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Cicadas can survive a superstorm — but not changes wrought by humans

Marc Dennis

Brood II cicadas get busy in Staten Island after spending 17 years waiting for their chance to mate.



The march of the cicadas is hitting prime time on the East Coast, and that means researchers are getting their best opportunities to study how the burrowing insects have weathered the past 17 years. They're finding some amazing comebacks, and some puzzling absences as well.

Over the past few weeks, billions of cicadas have been rising out of the ground, over a swath of territory ranging from Georgia to Connecticut. These bugs are part of a group known as Brood II, which emerges every 17 years to crawl and fly, mate and die over the course of just a few weeks. Between one emergence and the next, the immature bugs are dug into the soil, living off the watery fluid in plant roots.


The pace of the emergence is dictated by soil temperature: This year's cicada outbreak has been a bit slower than expected, due to a cooler-than-usual spring. But University of Maryland entomologist Michael Raupp says the conditions now appear to be right for cicadas to make their appearance across most of Brood II's traditional territory. Magicicada.org's map of cicada sightings points to hot spots in Virginia, Maryland, New York, New Jersey, Pennsylvania, Connecticut and Rhode Island. For residents in those states, this may be as good as it gets.

"If they don't have 'em now, they're going to be in for a very bad case of cicada envy," Raupp joked.

Loud life, quick death
The emergence of the nymphs is just the first step in the insects' 17-year ritual: After they come out, the cicadas shed their hard shells, unfurl their wings, crawl up trees or buildings, and seek out their mates. Raupp and other cicada fans have been reveling to the insects' mass choruses, which can get as loud as 90 decibels. (One aficionado has compared the cacophony to the sound of "Star Trek" phasers set on stun.)

And then there's the denouement. "We're starting to see the first dropouts," Raupp said. "They've completed the biological imperative in the tree canopy, and we're starting to see mortality."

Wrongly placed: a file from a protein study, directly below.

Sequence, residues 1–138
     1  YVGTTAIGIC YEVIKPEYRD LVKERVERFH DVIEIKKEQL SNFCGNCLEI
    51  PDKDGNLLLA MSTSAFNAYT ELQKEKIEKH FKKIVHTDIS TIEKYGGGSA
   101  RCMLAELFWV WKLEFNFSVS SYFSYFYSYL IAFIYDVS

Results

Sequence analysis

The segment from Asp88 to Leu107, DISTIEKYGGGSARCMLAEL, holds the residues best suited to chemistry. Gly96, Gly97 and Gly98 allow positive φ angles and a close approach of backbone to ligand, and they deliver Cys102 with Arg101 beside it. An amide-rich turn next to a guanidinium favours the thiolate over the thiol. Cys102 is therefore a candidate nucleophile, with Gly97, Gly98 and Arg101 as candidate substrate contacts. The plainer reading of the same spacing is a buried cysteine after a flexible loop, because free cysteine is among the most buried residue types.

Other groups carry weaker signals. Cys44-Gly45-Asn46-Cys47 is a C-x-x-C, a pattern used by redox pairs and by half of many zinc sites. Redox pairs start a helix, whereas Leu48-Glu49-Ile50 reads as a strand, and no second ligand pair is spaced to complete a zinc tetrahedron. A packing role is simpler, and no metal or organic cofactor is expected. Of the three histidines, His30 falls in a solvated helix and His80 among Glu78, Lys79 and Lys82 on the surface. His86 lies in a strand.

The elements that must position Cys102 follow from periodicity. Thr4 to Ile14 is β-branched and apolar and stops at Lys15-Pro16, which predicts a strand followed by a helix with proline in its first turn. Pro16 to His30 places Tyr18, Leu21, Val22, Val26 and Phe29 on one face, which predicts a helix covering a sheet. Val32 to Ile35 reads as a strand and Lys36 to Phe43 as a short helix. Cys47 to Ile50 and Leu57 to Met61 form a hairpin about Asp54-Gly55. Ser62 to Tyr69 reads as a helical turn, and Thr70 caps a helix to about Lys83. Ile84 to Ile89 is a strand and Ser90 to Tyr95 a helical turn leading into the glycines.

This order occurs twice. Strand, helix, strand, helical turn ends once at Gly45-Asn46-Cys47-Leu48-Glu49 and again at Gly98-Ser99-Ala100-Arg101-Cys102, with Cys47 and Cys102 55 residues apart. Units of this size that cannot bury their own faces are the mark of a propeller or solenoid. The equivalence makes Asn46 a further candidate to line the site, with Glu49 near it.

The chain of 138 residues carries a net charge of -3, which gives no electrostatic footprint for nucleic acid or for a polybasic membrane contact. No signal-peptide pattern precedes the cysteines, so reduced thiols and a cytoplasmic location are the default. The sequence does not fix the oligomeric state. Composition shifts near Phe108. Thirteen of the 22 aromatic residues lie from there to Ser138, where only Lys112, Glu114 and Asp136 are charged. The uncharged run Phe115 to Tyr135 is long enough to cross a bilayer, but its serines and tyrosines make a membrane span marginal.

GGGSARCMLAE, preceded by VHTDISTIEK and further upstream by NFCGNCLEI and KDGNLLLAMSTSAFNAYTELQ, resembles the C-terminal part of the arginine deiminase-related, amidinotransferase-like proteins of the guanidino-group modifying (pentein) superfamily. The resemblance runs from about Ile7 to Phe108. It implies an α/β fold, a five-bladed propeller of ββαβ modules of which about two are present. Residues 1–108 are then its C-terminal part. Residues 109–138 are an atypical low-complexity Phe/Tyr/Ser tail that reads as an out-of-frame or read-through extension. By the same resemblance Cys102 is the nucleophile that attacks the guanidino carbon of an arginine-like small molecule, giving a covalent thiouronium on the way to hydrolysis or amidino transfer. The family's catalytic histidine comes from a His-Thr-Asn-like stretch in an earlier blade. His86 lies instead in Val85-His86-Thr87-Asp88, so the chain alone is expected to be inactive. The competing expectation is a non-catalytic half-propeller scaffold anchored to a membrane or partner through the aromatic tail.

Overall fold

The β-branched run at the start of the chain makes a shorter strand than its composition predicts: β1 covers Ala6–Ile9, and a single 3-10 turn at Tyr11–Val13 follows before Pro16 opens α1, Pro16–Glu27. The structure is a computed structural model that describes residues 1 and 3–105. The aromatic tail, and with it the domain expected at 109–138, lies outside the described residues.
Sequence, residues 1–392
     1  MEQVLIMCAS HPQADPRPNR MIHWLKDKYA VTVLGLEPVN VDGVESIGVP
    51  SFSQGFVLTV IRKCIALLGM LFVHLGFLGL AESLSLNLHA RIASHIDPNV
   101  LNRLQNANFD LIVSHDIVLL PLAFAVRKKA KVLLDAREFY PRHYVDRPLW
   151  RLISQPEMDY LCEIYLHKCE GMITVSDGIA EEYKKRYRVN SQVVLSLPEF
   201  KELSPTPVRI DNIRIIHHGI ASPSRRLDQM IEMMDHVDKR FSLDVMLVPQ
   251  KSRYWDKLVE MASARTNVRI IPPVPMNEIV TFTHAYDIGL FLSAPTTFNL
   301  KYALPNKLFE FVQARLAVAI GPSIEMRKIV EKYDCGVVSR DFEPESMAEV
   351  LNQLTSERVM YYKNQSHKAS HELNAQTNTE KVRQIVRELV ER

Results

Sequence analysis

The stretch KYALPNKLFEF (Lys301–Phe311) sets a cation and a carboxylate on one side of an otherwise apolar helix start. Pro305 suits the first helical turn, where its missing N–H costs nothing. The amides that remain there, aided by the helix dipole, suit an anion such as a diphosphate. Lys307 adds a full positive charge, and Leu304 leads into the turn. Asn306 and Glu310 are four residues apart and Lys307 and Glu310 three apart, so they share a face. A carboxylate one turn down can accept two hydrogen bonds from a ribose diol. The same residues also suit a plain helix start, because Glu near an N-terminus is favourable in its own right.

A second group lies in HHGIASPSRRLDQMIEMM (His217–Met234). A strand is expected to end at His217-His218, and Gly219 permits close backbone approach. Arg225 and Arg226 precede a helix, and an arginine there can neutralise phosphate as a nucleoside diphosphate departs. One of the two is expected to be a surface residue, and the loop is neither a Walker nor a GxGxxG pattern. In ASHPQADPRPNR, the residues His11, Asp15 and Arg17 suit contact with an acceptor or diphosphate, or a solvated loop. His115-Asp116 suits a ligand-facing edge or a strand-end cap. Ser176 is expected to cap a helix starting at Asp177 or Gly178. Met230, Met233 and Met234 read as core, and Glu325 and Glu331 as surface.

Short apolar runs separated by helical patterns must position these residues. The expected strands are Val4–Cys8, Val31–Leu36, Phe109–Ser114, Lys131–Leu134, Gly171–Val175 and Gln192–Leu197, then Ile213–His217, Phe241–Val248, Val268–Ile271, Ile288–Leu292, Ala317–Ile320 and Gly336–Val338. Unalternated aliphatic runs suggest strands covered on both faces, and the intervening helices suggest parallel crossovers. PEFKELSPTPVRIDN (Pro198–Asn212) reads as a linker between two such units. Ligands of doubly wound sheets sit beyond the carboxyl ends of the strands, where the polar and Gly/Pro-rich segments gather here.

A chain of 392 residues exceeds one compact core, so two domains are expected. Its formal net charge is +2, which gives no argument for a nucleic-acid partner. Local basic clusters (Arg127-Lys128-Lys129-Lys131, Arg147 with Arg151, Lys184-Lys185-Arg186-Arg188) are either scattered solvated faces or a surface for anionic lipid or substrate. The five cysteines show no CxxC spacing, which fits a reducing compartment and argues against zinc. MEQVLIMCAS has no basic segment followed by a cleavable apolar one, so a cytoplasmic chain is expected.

Magicicada.org

Magicicada.org's map shows where cicada sightings have been reported.

Take a closer look at the curious 17-year life of the flying bug as the East Coast weathers an invasion.

If you're expecting to see cicadas all over the place, you'll be disappointed. "These things are very, very patchily distributed," Raupp said. "You can go a distance as little as a quarter-mile or a half-mile, and one location will have thousands or tens of thousands of cicadas in the treetops, and the other location will have nothing."

If you come across a bug infestation, be not afraid. Cicadas are not harmful to humans. Some folks may find them disgusting, but others find them delicious.

Surviving Sandy
The signs of emergence have been seen in some surprising locations. "Cicada cells are very airtight, as they survived Hurricane Sandy in Staten Island," Elias Bonaros reported on the Entomology-Cicadidae discussion forum. "I found loads of exit holes right where the sea met the shore and were supposedly submerged under many feet of water!"

That resilience is in line with reports going back almost two centuries. In his classic work, "The Periodical Cicada," entomologist C.L. Marlatt mentions a case where a "gentleman in Louisiana" dammed up some property in 1818, covering the soil with 6 feet (2 meters) of water. When the water was drained away more than a year later, cicadas were found "in a fine, healthy state, ready to make their appearance above ground, that being the year of their regular appearance."

Other changes wrought by humans can be more injurious to the cicadas. "The most damaging of all perturbations would be the creation of hardscape," Raupp said. "When that happens, it's devastating to the cicada population. For example, what was a cornfield 17 years ago, that has now been regraded to be a condominium or townhouse complex. Any disturbance of 60 centimeters [2 feet in depth] is going to extirpate any cicadas in that area."

Some bug-watchers are already coming across problem areas. John Cooley, a cicada expert from the University of Connecticut, said there are some "surprisingly silent" patches of land in Virginia where Brood II was expected to emerge. "We're not sure what explains these absences — the woods look perfectly fine for periodical cicadas," he wrote on the Entomology-Cicadidae forum.

Have you experienced the emergence? Or have you missed the bug-out? Either way, feel free to weigh in with your comments below.

Watch Samuel Orr's documentary, "Return of the Cicadas," from motionkicker on Vimeo. Orr is seeking to raise funds via Kickstarter for an extended version of the documentary, intended for airing on public TV.

Video tributes to the cicada:

Previous chapters in the cicada saga:


Alan Boyle is NBCNews.com's science editor. Connect with the Cosmic Log community by "liking" the NBC News Science Facebook page, following @b0yle on Twitter and adding the Cosmic Log page to your Google+ presence. To keep up with NBCNews.com's stories about science and space, sign up for the Tech & Science newsletter, delivered to your email in-box every weekday. You can also check out "The Case for Pluto," my book about the controversial dwarf planet and the search for new worlds.